The Jesuit Relations

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Cover of the Jesuit Relations for 1662-1663

The Jesuit Relations, also known as Relations des Jésuites de la Nouvelle-France, are early ethnographic documents that chronicle Jesuit missions in New France. The works were written annually and appeared in print beginning in 1632, and ending in 1673.

Originally written in French, Latin, and Italian, The Jesuit Relations were reports from Jesuit missionaries in the field that were sent to their superiors to update them as to the missionaries’ progress in the conversion of various Native American tribes. Constructed as narratives, the original reports of the Jesuit missionaries were subsequently transcribed and altered several times before their publication, first by the Jesuit overseer in New France and then by the Jesuit governing body in France. The Relations gradually became more focused on the general public as its readers, in terms of a marketing tool to procure new settlers for the colonies, while simultaneously trying to gain the capital to continue the missions in New France.


It was the duty of Jesuit missionaries to annually transmit to their superior in Québec, or Montréal, an account of their activities. Annually, between 1632 and 1673, the superior made up a narrative, or "Relation" of the most important events which had occurred in the several missionary districts under his charge, sometimes using the exact words of the missionaries, and sometimes summarizing the individual journals in a general account, based in part upon the oral reports of visiting fathers. This annual "Relation" was forwarded to the provincial of the order in France, and, after careful scrutiny and re-editing, published by him in a series of duodecimo volumes, known collectively as The Jesuit Relations.[1] At times the Jesuit Relations read like travel narratives, describing geographical features and observations about the local peoples, flora and fauna.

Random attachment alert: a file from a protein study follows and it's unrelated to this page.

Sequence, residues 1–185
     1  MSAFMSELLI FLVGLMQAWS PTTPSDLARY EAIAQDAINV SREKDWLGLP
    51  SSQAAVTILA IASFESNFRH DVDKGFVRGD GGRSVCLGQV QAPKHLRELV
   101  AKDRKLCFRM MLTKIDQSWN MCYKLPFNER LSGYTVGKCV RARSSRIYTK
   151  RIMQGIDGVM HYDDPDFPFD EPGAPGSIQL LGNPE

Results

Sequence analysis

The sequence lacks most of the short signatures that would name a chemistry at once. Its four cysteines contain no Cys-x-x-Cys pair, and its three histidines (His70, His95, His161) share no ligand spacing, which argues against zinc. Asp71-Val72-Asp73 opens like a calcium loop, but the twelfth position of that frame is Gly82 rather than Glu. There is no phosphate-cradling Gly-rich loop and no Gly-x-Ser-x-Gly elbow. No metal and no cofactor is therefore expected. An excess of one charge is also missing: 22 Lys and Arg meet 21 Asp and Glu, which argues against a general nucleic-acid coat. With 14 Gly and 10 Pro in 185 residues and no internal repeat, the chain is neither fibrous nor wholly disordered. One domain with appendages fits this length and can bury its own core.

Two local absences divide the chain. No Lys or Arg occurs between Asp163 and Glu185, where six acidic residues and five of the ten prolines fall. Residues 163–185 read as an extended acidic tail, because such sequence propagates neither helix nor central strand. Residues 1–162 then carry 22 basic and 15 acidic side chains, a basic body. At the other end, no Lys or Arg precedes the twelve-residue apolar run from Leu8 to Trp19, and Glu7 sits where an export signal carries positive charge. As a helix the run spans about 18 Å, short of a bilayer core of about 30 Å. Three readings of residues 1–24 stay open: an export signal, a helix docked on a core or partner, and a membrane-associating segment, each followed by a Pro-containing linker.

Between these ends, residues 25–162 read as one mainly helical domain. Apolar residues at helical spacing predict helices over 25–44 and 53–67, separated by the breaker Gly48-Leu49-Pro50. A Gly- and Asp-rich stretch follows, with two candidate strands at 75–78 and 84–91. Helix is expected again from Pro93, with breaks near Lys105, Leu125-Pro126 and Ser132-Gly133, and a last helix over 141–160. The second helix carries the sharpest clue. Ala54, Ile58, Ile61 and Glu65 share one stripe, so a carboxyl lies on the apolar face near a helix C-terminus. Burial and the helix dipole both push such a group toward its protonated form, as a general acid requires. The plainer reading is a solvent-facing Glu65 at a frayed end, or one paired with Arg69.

According to Thomas Campbell, a letter of Charles Lallemont to his brother, dated 1 August 1626, inaugurated the series Relations des Jésuites de la Nouvelle-France about the missionary work in New France.[2]

The Relations were published annually, in Paris, until 1673, when the series was discontinued, probably through the influence of Louis de Buade de Frontenac, to whom the Jesuits were distasteful.[3]


The later use of The Jesuit Relations by the Jesuit order for monetary gain highlights the possibility of textual incongruity or fictionalized accounts. Daniel K. Richter states that the fact “[t]hat printed reports were designed to raise money for the mission suggests a need for caution.” [4] When examined with care, The Jesuit Relations still function as an important resource in the study of the relationship of cultural exchange that occurred between the settlers of New France and Native Americans.